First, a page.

Kenyan women living in the USA have registered a sacco with the Ministry of Cooperative Development to help them access loans for investment in Kenya. And the Kenya Commercial Bank (KCB) has already allocated Shs10 billions for loans to Kenyan’s in diaspora.
The sacco – known as the Kenya North American Diaspora (KNAD) has housing properties in the suburbs of Nairobi including Kangundo Road jn Machakos County and Isinya in Kajiando County.
The sacco says it is devoted to providing a channel for investments for Kenyan women living within the 26 countries that comprise North America.
It was officially registered in Kenya on November 28. 2016.
The SACCO announced the Executive founders as Penny Macharia, Lucy McKenzie, Regina Opiyo, Janet Mukene-Shaw, Ruth Kinyua (Diaspora Returnee), Purity Ateku, Maryanne Goetz and Wacu Ndirangu.
Signing the loan facility with the sacco, KCB said the loans will enable the sacco’s more than 2,000 members to borrow and invest.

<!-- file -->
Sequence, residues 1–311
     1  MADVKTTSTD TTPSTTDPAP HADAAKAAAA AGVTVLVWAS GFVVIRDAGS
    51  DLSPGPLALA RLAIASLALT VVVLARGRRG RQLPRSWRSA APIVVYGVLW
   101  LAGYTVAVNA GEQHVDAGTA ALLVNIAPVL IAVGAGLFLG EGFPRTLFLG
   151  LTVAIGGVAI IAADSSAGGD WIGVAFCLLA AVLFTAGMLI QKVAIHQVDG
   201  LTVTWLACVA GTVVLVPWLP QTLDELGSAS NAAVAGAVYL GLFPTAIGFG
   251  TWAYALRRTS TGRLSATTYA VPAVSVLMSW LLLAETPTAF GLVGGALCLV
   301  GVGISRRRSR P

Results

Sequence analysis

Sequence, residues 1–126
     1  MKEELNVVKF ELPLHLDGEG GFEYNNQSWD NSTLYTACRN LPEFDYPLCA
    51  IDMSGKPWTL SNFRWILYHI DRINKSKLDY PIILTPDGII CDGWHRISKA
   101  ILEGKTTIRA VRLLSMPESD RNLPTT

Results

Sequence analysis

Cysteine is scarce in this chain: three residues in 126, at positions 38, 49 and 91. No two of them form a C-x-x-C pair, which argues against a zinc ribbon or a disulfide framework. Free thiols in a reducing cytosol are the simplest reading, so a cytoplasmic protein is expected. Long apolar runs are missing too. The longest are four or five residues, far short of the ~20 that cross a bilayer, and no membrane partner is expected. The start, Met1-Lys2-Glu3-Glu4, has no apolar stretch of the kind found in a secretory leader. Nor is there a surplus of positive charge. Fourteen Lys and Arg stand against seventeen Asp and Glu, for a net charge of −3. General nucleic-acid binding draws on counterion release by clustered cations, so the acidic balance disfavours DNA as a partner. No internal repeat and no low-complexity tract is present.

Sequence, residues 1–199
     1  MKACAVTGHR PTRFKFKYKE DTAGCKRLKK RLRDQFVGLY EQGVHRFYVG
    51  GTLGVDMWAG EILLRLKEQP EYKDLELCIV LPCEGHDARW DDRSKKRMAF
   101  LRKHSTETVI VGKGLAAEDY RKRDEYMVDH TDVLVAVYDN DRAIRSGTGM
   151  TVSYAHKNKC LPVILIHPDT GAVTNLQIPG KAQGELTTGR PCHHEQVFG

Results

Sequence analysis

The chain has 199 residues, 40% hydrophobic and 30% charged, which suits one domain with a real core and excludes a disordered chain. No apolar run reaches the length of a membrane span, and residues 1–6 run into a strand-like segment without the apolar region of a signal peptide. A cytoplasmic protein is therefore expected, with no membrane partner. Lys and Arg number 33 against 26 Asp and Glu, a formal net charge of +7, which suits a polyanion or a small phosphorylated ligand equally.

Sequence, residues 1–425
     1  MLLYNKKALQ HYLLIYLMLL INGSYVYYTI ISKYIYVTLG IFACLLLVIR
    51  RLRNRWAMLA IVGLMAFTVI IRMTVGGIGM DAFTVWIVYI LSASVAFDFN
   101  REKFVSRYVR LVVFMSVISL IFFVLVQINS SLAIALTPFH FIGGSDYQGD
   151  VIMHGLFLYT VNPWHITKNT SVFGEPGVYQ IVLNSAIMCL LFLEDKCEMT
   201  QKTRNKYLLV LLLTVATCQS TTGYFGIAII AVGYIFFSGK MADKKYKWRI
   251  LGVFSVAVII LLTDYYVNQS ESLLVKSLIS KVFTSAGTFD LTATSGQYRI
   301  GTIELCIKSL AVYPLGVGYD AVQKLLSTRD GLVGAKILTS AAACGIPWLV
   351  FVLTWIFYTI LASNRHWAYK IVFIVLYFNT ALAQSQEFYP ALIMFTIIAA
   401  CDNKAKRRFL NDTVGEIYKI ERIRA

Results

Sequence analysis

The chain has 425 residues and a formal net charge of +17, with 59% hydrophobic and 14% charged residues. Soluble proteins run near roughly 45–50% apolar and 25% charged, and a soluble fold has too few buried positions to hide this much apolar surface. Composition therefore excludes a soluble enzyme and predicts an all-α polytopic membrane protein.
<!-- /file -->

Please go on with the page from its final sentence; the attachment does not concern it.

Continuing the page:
The fund is part of the bank’s bigger strategy to reach out to Kenyans living abroad who are willing to invest in the country but face funding challenges.
“Over the years, Kenyans living abroad have been facing difficulties financing their investments locally. We created the fund after consultations with the management of the US Diaspora Sacco. They agreed to borrow from us to finance their members’ developments in businesses in the local and regional market,” KCB Head of Diaspora
Banking Vincent Aberi said. Some of the investments the sacco is interested in are wholesale and retail business, learning institutions, real estate. farming, transport
He said the diaspora are interested in investing at home, but are restrained by the lack of proper remittance structures, such as global bank and money transfer systems
According to the Central Bank of Kenya (CBK), Kenyans abroad remit more than Sh100 billion every year through commercial banks and other authorized international remittance service providers, such as Western Union, MoneyGram and M-Pesa.
Remittances have been constantly increasing with the latest received reaching Sh116.1 billion.
Nearly half of this money comes from Kenyans living in North America, followed by those in Europe and then other global countries.